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Dietary Supplements for UV Protection

Last updated: March-13,2023

What Are the Best Dietary Supplement Ingredients for UV Protection

Exposure to UV rays (whether from the sun or artificial sources like tanning beds) can cause premature aging of the skin (photoaging) and signs of sun damage such as wrinkles, leathery skin, liver/age spots, as well as rough and scaly skin patches.[i]The good news is that there are dietary supplements that can protect against UV rays, and/or help mitigate some of the effects of UV exposure. This includes niacinamide, grape seed extract, red-orange complex, beta-carotene, EPA, and pomegranate extract.

Continue reading to learn more about these well-researched nutraceuticals and how NutraScience Labs can contract manufacture high-quality dietary supplements for UV protection or click below to listen to the podcast episode:


A randomized, double-blind, placebo-controlled trial,[ii] and a case-control study were undertaken to examine the effects of 500 mg/day niacinamide on photoaging.[iii] Results were that niacinamide had photoprotective effects and helped reduce rough, scaly skin patches caused by long-term sun exposure. Additionally, a key type of immunity known as cutaneous immunity is suppressed by even small doses of UV rays. Another randomized, double-blinded, crossover study found that supplementation with 1500 or 500 mg/day of niacinamide significantly reduced UV immunosuppression.[iv] Niacinamide’s potential to reduce rough, scaly skin patches and UV immunosuppression makes it a good ingredient for supplements to prevent sun damage.

Grape seed extract

Grape seed extract is another great UV protection supplement. It contains a powerful antioxidant known as proanthocyanidin. In a one-year open-design study, a proanthocyanidin-rich grape seed extract (GSE) was orally administered (76 mg (54 mg of proanthocyanidin) three times a day) in women with skin hyperpigmentation (which may often be due to UV overexposure). Results showed that GSE effectively reduced hyperpigmentation (in 83% of women) and prevented it from worsening before the summer season.[v]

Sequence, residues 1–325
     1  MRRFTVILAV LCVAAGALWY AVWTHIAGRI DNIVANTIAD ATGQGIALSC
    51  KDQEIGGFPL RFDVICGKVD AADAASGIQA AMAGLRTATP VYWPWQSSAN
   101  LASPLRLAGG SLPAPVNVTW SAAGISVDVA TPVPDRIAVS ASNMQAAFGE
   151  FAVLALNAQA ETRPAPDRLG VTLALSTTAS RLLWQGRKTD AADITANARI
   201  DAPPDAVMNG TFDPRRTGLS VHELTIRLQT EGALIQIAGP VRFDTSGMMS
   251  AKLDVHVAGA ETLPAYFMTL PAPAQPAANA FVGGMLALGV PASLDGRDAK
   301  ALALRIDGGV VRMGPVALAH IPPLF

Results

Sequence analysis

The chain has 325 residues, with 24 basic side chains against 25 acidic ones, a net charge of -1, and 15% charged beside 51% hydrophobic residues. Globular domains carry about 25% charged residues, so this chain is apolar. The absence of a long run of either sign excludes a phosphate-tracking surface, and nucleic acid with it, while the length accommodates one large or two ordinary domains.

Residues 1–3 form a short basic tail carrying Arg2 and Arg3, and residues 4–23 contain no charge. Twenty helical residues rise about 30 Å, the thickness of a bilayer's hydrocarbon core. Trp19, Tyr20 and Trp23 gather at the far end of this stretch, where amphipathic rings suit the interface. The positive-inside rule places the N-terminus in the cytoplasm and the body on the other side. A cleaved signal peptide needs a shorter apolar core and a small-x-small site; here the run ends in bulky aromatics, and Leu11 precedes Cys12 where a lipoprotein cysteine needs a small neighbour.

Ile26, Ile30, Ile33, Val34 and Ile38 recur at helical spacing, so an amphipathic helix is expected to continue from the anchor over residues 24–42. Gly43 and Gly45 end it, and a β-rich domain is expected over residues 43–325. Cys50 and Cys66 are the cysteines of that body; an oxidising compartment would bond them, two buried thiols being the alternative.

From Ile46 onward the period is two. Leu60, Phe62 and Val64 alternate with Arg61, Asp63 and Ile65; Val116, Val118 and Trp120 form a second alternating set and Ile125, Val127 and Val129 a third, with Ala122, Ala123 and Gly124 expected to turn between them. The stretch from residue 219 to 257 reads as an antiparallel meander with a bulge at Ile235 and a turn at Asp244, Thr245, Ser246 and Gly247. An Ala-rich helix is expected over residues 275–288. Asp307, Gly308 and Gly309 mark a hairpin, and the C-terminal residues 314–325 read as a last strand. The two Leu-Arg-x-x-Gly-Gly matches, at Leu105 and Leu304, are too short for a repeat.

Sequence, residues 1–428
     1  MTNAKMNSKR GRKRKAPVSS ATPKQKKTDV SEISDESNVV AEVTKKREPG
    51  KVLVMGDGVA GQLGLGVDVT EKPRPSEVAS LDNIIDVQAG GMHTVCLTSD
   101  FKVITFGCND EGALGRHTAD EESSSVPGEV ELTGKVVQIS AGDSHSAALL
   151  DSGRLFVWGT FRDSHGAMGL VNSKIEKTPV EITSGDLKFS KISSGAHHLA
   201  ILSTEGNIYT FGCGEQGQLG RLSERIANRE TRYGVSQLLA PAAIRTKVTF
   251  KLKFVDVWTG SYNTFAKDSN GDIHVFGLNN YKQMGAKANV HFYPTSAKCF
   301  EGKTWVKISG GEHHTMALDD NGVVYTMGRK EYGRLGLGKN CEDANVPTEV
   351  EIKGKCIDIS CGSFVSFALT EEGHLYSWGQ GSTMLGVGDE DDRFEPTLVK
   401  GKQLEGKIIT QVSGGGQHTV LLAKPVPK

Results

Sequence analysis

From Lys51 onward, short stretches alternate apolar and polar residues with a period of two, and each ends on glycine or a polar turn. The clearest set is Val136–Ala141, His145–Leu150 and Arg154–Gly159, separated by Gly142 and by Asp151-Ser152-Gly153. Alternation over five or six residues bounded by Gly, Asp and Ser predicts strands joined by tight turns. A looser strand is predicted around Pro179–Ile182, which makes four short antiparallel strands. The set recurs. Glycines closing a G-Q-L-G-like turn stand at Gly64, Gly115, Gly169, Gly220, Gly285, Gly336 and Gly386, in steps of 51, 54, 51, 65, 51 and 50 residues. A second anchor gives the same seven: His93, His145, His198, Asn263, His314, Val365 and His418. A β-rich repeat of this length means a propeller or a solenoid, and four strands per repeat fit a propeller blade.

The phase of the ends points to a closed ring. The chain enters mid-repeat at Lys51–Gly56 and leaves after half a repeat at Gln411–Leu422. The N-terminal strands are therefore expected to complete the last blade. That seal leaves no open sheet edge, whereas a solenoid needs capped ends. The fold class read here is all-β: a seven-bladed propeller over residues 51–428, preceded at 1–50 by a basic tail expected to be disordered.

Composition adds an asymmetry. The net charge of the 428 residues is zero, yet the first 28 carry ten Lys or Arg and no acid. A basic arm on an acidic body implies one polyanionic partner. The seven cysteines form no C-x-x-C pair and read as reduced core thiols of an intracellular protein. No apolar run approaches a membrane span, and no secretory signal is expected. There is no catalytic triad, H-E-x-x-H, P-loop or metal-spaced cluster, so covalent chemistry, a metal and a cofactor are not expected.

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Red orange complex

Hyperpigmented lesions, also known as age spots, are one of the most visible alterations in skin photoaging. A study was performed to evaluate the skin photoprotective and anti-aging effects of 100 mg/day supplementation with a red-orange extract (red-orange complex) supplementation.[vi] Results were that the red-orange complex helped reduce UV-induced age spots and skin redness. Skin age spot pigmentation (melanin content) decreased from 27% to 7% when subjects were exposed to a solar lamp during red-orange extract supplementation. In another randomized, double-blind, controlled study, 100 mg/day of red-orange complex improved the skin’s antioxidant capacity and reaction to UV exposure, increased moisturization and elasticity, and decreased the intensity of melanin staining inside dark skin spots, transepidermal water loss (TEWL) and wrinkle depth.[vii]


A UV protection supplement that brand owners must know about is Beta-carotene. It is an effective antioxidant and can be converted to vitamin A in the body. The purpose of this study was to determine the effects of 2 different doses of beta-carotene (30 and 90 mg/day) on wrinkles and elasticity, procollagen gene expression, and ultraviolet (UV)-induced DNA damage in human skin.[viii] Results showed that beta-carotene improved facial wrinkles and elasticity significantly only in the low-dose group. Type I procollagen mRNA levels were significantly increased only in the low-dose group, and UV-induced DNA damage was reduced in the low-dose group. In short, 30 mg/day of beta-carotene supplementation was demonstrated to help prevent and repair photoaging.

Best Dietary Supplements for UV Protection


The importance of omega-3 fatty acids in human health and wellness is well-established. Omega-3s include α-linolenic (ALA), eicosapentaenoic (EPA), docosapentaenoic (DPA), and docosahexaenoic acids (DHA). A cross-sectional study was conducted on 2,919 subjects aged 45-60 years to investigate associations between daily omega-3 intake and the severity of skin photoaging.[ix] Results showed that after adjustment for possible confounders, severe photoaging was found to be decreased with a higher intake of EPA in women. A significant decrease in photoaging risk was found in women with higher intakes of EPA. The highest intake level (95 percentile) of EPA was 295 mg/day. Likewise, extremely high doses of EPA (about 2-4 grams/day) were also shown to decrease photoaging.[x] [xi] [xii] [xiii]

Pomegranate extract